I Had Manners Even Then

Matt Muilenburg

My drug dealer had braces.

Pimples stalked his chin and cheeks like tweekers loitering behind the dumpster and the dirty blond hair hanging in his eyes centered a face that had yet to smoke out all its baby fat. He’d only been off the pacifier for nine or ten years, perhaps seven if his parents allowed a prolong suckle. He was my age, maybe a year older, a preteen yet to ripen his Adam’s apple. I had school books in my backpack the day I met him. He said that he had weed in his.

I thought I knew every kid in town via the social strata of Little League and diving boards, but I didn’t know this one. I hadn’t seen him cruising the mall or sizing up 7-10 splits at the bowling alley. This kid didn’t flick joysticks at the arcade, shoot H.O.R.S.E.s at the Y, or hurl jokes around the pool table at the diner where the old guys with cigar-stained tongues pulled tabs while we kiddos targeted corner pockets and chewed watermelon gumballs. He wasn’t one of us, the untainted, the boys still blinded by the umbilical cords wrapped around our heads. This kid used his umbilicus to lasso new clientele. And he paid for his braces with dime bags.

Drug dealers were myths for me in the early 90s, Big Footed doppelgangers of the bad boys the cops always, always, caught on TV. I had no reason to worry over their presence in Smalltown, Illinois, a fallacy I believed for years. And then one day, the weather warmed just enough to allow me to walk home from school.

That day, as usual, I was dressed in the bi-level blues of my Catholic school uniform – a pious sky blue on top and a depressing, stale navy on the bottom, the perfect polyester manifestation of heaven and hell, the buttered and the burnt sides of the toast I learned about every day in class. I took the safest route home available, tooling along Seventh Street, and quickly arrived at Peoria, Seventh’s well-traveled north-south counterpart. The school district worried over this intersection. Just a few years earlier, a fellow altar boy in training was smoked by a bumper a few blocks south of that crossing and he spent weeks in the hospital. For that reason and others, Peoria was a road for the crossing guards.

The guard at the corner of Seventh and Peoria looked up from her crossword puzzle and eased out of her aluminum lawn chair when she saw me hurrying her way. She was middle-aged, her hair frizzed into a perm, an orange reflective vest glinting across her torso, her dark sunglasses keeping the shine away from her eyes. She trudged to the corner as I approached, dragging her sign an inch off the ground, STOP flipped to dots, and I alloyed myself to her side. Together we watched the traffic rumble.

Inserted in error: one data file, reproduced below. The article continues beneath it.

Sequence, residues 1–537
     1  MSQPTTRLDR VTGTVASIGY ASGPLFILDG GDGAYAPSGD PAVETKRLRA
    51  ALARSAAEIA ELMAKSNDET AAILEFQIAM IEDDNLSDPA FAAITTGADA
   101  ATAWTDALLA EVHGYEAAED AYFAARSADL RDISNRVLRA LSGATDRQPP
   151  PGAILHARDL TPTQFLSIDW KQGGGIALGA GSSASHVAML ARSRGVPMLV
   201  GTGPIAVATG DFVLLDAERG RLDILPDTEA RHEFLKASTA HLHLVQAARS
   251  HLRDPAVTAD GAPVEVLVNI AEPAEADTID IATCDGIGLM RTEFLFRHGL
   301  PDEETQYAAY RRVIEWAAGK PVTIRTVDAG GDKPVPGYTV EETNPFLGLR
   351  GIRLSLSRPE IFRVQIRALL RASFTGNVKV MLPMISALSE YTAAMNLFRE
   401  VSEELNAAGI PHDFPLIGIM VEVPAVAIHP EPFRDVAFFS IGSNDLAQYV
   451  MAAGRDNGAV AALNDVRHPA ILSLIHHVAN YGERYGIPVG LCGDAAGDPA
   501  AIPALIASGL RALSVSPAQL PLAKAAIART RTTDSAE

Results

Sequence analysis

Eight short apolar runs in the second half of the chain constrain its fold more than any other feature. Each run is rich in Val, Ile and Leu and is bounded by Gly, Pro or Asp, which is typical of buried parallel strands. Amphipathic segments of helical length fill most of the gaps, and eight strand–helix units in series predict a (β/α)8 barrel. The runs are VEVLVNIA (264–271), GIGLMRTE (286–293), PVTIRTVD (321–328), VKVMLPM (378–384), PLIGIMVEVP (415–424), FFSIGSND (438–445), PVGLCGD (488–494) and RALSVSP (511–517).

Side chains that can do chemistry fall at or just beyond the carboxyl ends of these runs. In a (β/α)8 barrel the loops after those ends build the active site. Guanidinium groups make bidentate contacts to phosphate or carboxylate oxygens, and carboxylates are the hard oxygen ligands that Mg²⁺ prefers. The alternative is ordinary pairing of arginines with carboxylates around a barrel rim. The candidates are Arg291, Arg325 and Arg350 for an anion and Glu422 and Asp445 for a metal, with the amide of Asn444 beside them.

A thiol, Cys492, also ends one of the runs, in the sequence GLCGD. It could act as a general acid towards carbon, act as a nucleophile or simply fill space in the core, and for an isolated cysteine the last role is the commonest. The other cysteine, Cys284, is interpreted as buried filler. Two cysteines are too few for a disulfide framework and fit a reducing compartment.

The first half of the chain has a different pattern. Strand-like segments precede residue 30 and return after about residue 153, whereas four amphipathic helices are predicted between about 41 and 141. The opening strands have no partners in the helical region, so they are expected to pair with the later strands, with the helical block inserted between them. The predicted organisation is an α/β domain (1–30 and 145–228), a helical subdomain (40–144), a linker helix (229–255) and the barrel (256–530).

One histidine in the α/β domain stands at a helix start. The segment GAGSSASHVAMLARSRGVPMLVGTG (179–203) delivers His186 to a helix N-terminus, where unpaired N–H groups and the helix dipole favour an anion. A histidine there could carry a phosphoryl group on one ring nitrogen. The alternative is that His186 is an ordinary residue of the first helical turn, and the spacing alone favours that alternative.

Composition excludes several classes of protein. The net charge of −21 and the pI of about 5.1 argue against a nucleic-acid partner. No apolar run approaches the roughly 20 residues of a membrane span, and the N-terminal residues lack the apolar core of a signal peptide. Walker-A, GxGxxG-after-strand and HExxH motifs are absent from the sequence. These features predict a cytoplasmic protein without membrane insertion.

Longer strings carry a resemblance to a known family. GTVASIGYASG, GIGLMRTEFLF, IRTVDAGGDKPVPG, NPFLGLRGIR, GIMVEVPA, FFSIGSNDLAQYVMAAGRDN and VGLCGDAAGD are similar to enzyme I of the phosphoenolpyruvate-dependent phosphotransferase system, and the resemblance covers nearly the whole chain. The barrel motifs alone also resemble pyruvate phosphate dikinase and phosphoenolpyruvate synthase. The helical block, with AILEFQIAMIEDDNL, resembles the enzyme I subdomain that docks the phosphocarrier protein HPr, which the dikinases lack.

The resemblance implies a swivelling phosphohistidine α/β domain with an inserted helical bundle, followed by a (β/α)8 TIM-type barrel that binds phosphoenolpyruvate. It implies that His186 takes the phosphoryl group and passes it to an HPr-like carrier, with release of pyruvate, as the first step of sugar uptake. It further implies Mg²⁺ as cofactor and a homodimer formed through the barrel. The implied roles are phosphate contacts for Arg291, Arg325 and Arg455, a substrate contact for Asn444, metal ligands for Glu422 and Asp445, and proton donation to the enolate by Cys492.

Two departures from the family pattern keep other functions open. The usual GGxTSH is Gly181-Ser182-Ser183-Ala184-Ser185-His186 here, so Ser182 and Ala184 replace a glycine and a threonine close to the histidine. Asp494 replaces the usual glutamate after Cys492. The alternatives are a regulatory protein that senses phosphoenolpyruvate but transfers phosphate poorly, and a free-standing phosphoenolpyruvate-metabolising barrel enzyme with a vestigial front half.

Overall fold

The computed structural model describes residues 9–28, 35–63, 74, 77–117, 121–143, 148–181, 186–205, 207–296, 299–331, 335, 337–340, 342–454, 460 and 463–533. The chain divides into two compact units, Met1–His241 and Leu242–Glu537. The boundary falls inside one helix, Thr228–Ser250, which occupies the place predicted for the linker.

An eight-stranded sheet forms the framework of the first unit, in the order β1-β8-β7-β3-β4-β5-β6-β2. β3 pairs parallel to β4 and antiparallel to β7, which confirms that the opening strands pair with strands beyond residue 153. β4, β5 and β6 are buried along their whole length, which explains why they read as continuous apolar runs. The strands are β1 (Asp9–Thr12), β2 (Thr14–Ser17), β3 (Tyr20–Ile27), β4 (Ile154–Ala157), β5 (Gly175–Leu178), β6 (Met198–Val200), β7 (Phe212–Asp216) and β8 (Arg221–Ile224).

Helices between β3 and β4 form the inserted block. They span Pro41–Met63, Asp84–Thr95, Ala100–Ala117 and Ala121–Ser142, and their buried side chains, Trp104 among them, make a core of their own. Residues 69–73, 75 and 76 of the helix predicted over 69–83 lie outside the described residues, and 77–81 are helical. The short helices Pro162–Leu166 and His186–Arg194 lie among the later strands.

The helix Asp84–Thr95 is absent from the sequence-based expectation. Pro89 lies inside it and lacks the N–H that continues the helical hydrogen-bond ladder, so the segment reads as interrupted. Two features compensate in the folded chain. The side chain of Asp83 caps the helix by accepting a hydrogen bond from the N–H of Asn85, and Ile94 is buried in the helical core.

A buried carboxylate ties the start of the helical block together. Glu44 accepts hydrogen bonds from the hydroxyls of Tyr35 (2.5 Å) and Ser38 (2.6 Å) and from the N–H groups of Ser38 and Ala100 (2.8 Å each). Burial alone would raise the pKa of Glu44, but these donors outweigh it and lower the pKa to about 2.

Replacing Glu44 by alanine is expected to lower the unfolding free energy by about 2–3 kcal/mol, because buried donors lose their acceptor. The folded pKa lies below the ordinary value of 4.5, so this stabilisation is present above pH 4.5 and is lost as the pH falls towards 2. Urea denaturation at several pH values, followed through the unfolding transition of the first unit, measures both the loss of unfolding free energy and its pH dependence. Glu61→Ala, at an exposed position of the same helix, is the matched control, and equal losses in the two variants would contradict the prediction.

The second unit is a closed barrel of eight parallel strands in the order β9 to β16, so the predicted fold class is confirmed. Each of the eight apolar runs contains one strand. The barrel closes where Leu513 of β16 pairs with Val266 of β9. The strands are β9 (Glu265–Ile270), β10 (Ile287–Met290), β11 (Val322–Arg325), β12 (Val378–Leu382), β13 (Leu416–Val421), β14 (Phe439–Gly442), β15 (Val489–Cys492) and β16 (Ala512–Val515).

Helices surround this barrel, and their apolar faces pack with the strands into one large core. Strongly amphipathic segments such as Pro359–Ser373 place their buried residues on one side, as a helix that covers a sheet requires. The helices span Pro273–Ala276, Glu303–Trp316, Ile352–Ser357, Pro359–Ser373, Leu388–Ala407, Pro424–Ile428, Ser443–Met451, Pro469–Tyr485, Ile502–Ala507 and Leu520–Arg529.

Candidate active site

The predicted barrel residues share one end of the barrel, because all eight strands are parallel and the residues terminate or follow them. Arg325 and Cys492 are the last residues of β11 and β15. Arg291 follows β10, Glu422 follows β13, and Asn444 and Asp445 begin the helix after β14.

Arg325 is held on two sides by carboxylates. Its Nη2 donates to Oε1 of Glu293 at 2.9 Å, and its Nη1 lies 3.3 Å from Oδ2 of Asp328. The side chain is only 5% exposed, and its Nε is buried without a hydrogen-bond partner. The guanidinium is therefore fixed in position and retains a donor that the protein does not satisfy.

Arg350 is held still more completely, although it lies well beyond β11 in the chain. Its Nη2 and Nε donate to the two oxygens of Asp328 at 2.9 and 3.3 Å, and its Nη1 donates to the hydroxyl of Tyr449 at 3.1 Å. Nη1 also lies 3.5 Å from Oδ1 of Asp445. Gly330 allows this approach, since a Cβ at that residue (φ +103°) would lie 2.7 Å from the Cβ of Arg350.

The pace was consistent, controlled, tamped down from the fifty-five that was allowed a few miles north, just before the Interstate-80 on-ramp. There was nothing along that stretch of Peoria to interrupt the flow, the closest stoplight blinking three blocks south, so I stood next to my temporary surrogate mother and waited. Eventually, the crossing guard seized a brief burp in the flow, scampered to the middle of Peoria, and held up her sign with her right hand, her left folding and unfolding in my direction, motioning for me to hurry. The drivers slowed to a stop, idling, all their busy work inhibited by my need to cross. I stepped onto the road, unable to look at the drivers in their cars, afraid that I’d see the impatience they had for me blazing in their eyes. So I looked straight ahead and saw, for the first and only time, my drug dealer.

He was the first kid with whom I crossed paths who didn’t look like the rest of us. While there were some casual discrepancies of dress and style amongst the boys of my age, our affects were rarely dissimilar – Nike-swooshed socks around our ankles, Nike-swooshed sneakers swallowing our feet, our shirts emblazoned with the mascots of various Chicago sports teams or emblems of faux prestige – mostly that Nike swoosh. We wore our backpacks over one shoulder and chewed gumballs with our mouths open, rebels of impoliteness. Our hats – turned frontwards. Our shirts – tucked in. Our watches – what watches? Time was for teachers, nuns, umpires, coaches, bus drivers, lifeguards, crossing guards – the watchers in our lives who’d been entrusted to keep us safe and get us home in one piece in time for our homework, our supper, and our prayers.